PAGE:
Kricket

address: Pop Brixton, 49 Brixton Station Road, SW9 8PQ

hello@kricket.co.uk

http://www.kricket.co.uk/

This is on the second floor of Pop Brixton – the arrangement of storage containers near the Recreation Centre. It is a narrow corridor of a restaurant with just one line of tables with bench seating inside for about 20 covers but there is a bit more space outside in clement weather. When we arrived there was a 40-50 minute wait unless you were prepared to sit outside – we were hungry enough to put up with the bracing evening air.

We have been here before and not much has changed so look here for a full account. You’ll also have to look there for some photographs – on this visit it was too dark to get any thing worth including. We chose four options from the short menu. We chose our favourite Bhel Puri which has raw mango; Samphire Pakoras; Torched mackerel. The Bhel Puri was fantastic and we polished this off really quickly. The idea of Samphire Pakoras is great but we had forgotten that in practice they tend to be a bit woody and, hence, they were not our favourite. Unfortunately, we had ordered two portions and we failed to work work our way through them both. On the other hand the torched mackerel was really tasty and we would definitely try it again.

We washed it all down with a fresh lime soda and a bottle of Curious Brew Lager. The total bill came to £31.35. We didn’t linger and will certainly look up our review next time we come, so we can avoid things that weren’t great. It’s a shame you can’t book but, nevertheless, we will return so that we make our way through the rest of the interesting menu of what is still some of the best food in Brixton.

Zoe’s Ghana Kitchen – Pop Brixton

To find: Unit 36 Pop Brixton 49 Brixton Station Road London SW9 8PQ

telephone: 07931602889

email: ghanakitchen@gmail.com

http://zoesghanakitchen.co.uk/category/events/

We had heard good things about this restaurant, even before they had a permanent residence, but when we booked a pop-up “event” they cancelled. So this visit is long awaited. And while we can’t claim to be experts on Ghanaian food, a couple of us have been there and we also liked the food at Brixton’s longer-established more traditional Ghanaian restaurant – see our review here.

This restaurant is well signposted as part of Pop Brixton. This is a collection of large storage containers offering food, drink and the occasional piece of jewellery or clothing. ZGK is on the upper level and can only be approached from the set of stairs on the right immediately after the entrance.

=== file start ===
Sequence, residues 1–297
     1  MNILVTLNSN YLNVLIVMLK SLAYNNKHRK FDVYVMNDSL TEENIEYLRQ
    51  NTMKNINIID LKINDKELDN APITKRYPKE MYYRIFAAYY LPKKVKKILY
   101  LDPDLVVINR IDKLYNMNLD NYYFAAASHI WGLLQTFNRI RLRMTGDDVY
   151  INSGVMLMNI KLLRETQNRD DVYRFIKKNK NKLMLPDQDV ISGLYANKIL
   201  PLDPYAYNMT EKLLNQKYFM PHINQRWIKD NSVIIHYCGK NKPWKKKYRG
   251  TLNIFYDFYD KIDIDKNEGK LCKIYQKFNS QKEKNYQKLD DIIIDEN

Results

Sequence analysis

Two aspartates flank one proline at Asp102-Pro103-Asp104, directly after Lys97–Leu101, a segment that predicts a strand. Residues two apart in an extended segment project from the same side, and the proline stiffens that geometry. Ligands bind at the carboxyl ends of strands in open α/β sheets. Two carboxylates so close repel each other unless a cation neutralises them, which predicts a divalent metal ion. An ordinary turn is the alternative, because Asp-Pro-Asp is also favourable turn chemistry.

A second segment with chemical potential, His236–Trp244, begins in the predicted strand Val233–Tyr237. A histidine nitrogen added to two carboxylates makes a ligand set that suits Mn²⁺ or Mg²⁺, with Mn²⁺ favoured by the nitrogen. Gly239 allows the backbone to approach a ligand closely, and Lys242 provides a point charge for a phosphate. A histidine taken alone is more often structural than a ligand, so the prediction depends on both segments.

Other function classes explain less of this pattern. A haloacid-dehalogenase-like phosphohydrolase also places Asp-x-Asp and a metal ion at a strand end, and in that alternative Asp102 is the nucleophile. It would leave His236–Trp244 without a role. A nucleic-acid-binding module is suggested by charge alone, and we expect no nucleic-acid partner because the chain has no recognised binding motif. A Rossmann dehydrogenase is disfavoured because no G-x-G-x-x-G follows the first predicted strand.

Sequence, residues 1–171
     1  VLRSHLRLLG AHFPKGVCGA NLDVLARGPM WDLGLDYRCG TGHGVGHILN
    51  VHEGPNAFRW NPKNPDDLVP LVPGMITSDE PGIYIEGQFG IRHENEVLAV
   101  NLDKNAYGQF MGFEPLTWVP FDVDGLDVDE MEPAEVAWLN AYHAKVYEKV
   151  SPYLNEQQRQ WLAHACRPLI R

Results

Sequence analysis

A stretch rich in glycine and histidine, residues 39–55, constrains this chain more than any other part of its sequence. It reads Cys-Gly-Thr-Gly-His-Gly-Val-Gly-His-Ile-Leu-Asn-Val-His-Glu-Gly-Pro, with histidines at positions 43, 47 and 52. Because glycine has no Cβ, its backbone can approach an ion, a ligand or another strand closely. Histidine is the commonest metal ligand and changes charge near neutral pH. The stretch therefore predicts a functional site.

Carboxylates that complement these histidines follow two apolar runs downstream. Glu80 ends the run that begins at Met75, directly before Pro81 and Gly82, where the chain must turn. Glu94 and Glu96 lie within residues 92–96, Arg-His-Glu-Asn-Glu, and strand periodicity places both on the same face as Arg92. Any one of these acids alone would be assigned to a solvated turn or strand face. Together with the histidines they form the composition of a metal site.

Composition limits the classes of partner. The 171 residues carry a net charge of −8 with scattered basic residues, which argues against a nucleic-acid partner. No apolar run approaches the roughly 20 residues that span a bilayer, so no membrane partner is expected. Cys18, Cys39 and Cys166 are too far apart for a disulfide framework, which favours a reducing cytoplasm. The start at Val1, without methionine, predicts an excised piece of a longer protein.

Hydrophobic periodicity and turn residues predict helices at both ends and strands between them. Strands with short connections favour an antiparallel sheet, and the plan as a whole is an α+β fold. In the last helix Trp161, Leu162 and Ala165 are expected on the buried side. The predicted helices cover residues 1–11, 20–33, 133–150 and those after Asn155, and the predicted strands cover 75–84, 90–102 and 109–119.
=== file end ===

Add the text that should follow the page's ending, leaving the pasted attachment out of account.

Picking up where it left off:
There is a small interior with tables and benches for 12 people who know each other very well. There is also an outside area but the rain has made that only for the really hardy. The menu has mains, sides, sauces and desserts so easy peasy. Although the restaurant is Ghanaian it didn’t have any of the usual staples like banku or kenkey on offer. This is more like tapas, with the carbohydrate coming from the plantain, okra and jollof rice. For the mains there is chicken, beef, mackerel and lamb. But the menu is a bit limited for vegetarians who have to settle for the sole bean dish.

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We started with krispy kale which wasn’t very crispy and was a bit oily. This is an easy dish to prepare and cook and we thought it must have wilted in the humidity of the kitchen. Then we tried to work our way through the whole menu with every dish except the beef. We also ordered Okra tempura fries,  Kelewele Spiced Chips (Caramelised chunky plantain chips infused w/ a spice mix of cinnamon, nutmeg, cayenne pepper and fresh ginger) and Jollof rice. We liked everything and the spiced mackerel was a really hefty dish filling the whole plate and was spicy. The well cooked and spicy lamb was a favourite of the person who ordered it, even though he doesn’t really like peanut butter. The beans were declared a hit as was the chicken. The chicken was eaten with a very spicy hot Smoked Fish based Chilli Oil Dip. This was lovely but our choice of flavours slightly odd.

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Then we come to the side dishes. Okra was covered in good batter but was a bit oily (on the outside) and the plantain chips were really good if a bit flabby. I assume to get them really crisp they need to be covered in some form of flour. Jollof rice was certainly something we would order again.

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For dessert we ordered the doughnut and the Banofee pie. The Banofee pie was the star. The doughnuts were a bit on the heavy side.

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They do serve alcohol and we ordered two light and two dark lagers which – be warned – come in huge bottles. I say this because not only is it a lot of liquid and toilets are a scarce resource but they also take up a lot of space on the table. We suggest sharing and using a cup then you increase the table space.

The lovely surprise at the end of the meal was the bill – £60.00 for four people including four large beers – a bargain.

Donostia Social Club – Pop Brixton

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To find: Pop Brixton 49 Brixton Station Road London SW9 8PQ

telephone: 079 6184 4464

email: donostiasc@yahoo.co.uk

http://www.donostiasocialclub.co.uk/Pop_Brixton.html

We had heard good things about this restaurant/tapas bar and after an early show at the Ritzy on Saturday we went along for a snack. We certainly were not disappointed by the food, the ambience or the really helpful staff. At the outset we want to say this is a gem and you should visit.

As you may aimlessly wander around Pop Brixton we thought we would give explicit directions. Pop Brixton is a collection of large storage containers offering food, drink and the occasional piece of jewellery or clothing. Donostia Social Club is on the upper level and can only be approached from the set of stairs on the right immediately after the entrance.